Irvine, California facts for kids

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Irvine, California
Charter city
Irvine City Hall.jpg
Giant Wheel at Irvine Spectrum Center.jpg San Joaquin Wildlife Sanctuary sunset.jpg
OC Great Park Balloon Ride 070714.jpg Campus of the University of California, Irvine (aerial view, circa 2006).jpg
Clockwise from top: Irvine Civic Center, San Joaquin Wildlife Sanctuary, University of California, Irvine, Balloon ride at Orange County Great Park, "Giant Wheel" at Irvine Spectrum Center
Official seal of Irvine, California
Seal
Location within California and Orange County
Location within California and Orange County
Country  United States
State  California
County Flag of Orange County, California.svg Orange
Incorporated December 28, 1971
Named for James Irvine
Area
 • Total 66.454 sq mi (172.115 km2)
 • Land 66.106 sq mi (171.214 km2)
 • Water 0.348 sq mi (0.901 km2)  0.52%
Elevation 56 ft (17 m)
Population (2016)
 • Total 258,386
 • Rank 3rd in Orange County
16th in California
85th in the United States
 • Density 3,888.19/sq mi (1,501.240/km2)
Demonym(s) Irvinite
Time zone Pacific (UTC−8)
 • Summer (DST) PDT (UTC−7)
ZIP codes 92602–92604, 92606, 92612, 92614, 92616–92620, 92623, 92650, 92697
Area codes 949, 657/714
FIPS code 06-36770
GNIS feature IDs 1660804, 2410116
Sphere of influence 74 miles
Website cityofirvine.org
City symbols of Irvine
Flower Lily of the Nile
Tree Camphor
Insect Western Swallowtail Butterfly
Vegetable Asparagus

Irvine (/ˈɜːrvn/ UR-vyn) is an affluent city in Orange County, California, United States. It is a planned city; the Irvine Company started developing the area in the 1960s. Formally incorporated on December 28, 1971, the 66-square-mile (170 km2) city had a population of 212,375 as of the 2010 census; in 2016 the city's population was 258,386.

A number of corporations, particularly in the technology and semiconductor sectors, have their national or international headquarters in Irvine. Irvine is also home to several higher education institutions including the University of California, Irvine (UCI), Concordia University, Irvine Valley College, the Orange County Center of the University of Southern California (USC), and campuses of California State University Fullerton (CSUF), University of La Verne, and Pepperdine University.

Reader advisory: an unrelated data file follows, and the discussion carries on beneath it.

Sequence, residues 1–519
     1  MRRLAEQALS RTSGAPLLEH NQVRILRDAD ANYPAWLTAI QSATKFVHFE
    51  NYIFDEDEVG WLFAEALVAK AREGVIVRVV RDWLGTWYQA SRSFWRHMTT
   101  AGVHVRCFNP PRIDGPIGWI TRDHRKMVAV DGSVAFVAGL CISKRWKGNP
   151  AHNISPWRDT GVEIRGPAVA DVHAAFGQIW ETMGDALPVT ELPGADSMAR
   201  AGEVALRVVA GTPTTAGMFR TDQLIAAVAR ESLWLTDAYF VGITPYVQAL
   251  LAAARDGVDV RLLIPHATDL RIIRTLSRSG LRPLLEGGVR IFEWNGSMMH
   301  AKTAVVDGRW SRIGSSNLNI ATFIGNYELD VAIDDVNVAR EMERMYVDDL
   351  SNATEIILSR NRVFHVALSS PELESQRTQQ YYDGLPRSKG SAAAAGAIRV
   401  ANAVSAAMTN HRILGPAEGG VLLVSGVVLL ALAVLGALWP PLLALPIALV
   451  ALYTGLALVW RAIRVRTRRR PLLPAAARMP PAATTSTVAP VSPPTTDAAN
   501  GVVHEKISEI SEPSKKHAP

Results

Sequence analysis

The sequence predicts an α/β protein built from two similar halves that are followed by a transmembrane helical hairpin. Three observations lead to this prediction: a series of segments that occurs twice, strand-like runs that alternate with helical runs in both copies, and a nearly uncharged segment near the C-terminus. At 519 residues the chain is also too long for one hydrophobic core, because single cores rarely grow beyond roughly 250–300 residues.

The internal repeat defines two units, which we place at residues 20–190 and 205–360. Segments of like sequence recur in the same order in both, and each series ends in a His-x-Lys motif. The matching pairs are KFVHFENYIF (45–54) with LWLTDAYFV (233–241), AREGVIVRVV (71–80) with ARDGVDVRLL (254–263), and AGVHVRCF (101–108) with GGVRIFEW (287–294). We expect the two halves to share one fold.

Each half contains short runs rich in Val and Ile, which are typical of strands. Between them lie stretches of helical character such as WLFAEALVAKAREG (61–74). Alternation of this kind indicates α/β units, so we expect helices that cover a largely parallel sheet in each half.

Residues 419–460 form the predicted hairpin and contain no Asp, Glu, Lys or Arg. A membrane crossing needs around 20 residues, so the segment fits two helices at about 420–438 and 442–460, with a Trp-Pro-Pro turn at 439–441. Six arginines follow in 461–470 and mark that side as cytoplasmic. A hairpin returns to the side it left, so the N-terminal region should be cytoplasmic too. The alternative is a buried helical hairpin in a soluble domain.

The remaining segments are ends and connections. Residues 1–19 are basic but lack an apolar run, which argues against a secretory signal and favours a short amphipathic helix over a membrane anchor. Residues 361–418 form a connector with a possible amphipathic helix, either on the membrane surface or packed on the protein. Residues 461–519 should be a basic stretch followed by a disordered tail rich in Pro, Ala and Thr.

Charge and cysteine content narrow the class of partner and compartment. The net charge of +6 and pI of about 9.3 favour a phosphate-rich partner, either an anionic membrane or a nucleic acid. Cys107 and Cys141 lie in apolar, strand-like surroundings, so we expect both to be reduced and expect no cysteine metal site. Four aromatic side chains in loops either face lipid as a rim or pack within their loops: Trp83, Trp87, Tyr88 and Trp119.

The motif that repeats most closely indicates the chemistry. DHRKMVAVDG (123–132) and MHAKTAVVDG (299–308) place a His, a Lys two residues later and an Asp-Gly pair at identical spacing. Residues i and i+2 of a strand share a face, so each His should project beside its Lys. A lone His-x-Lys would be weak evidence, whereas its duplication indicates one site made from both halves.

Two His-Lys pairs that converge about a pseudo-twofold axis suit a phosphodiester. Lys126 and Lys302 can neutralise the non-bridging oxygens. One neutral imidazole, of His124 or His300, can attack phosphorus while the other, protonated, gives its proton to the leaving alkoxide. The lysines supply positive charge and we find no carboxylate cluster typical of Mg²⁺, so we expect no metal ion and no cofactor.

History

The Gabrieleño indigenous group inhabited Irvine about 2,000 years ago. Gaspar de Portolà, a Spanish explorer, came to the area in 1769, which led to the establishment of forts, missions and cattle herds. The King of Spain parceled out land for missions and private use.

After Mexico's independence from Spain in 1821, the Mexican government secularized the missions and assumed control of the lands. It began distributing the land to Mexican citizens who applied for grants. Three large Spanish/Mexican grants made up the land that later became the Irvine Ranch: Rancho Santiago de Santa Ana, Rancho San Joaquin and Rancho Lomas de Santiago.

Camp Bonita
Camp Bonita at Irvine Ranch in 1937

In 1864, Jose Andres Sepulveda, owner of Rancho San Joaquin sold 50,000 acres (200 km2) to Benjamin and Thomas Flint, Llewellyn Bixby and James Irvine for $18,000 to resolve debts due to the Great Drought. In 1866, Irvine, Flint and Bixby acquired 47,000-acre (190 km2) Rancho Lomas de Santiago for $7,000. After the Mexican-American war the land of Rancho Santiago de Santa Ana fell prey to tangled titles. In 1868, the ranch was divided among four claimants as part of a lawsuit: Flint, Bixby and Irvine. The ranches were devoted to sheep grazing. However, in 1870, tenant farming was permitted.

In 1878, James Irvine acquired his partners' interests for $150,000. His 110,000 acres (450 km2) stretched 23 miles (37 km) from the Pacific Ocean to the Santa Ana River. James Irvine died in 1886. The ranch was inherited by his son, James Irvine, Jr., who incorporated it into The Irvine Company. James, Jr. shifted the ranch operations to field crops, olive and citrus crops.

In 1888, the Santa Fe Railroad extended its line to Fallbrook Junction, north of San Diego, and named a station along the way after James Irvine. The town that formed around this station was named Myford, after Irvine's son, because a post office in Calaveras County already bore the family name. The town was renamed Irvine in 1914.

RESIDENTIAL DEVELOPMENT IN THE IRVINE RANCH AREA NEAR NEWPORT BEACH. THIS DEVELOPMENT IS PART OF A NEW TOWN OF HIGH... - NARA - 557438
Suburban development in Irvine Ranch in 1975
IMAG0063
The developing urban core in the city of Irvine in 2010

By 1918, 60,000 acres (240 km2) of lima beans were grown on the Irvine Ranch. Two Marine Corps facilities, MCAS El Toro and MCAS Tustin, were built during World War II on ranch land sold to the government.

James Irvine, Jr., died in 1947 at the age of 80. His son, Myford, assumed the presidency of The Irvine Company. He began opening small sections of the Irvine Ranch to urban development.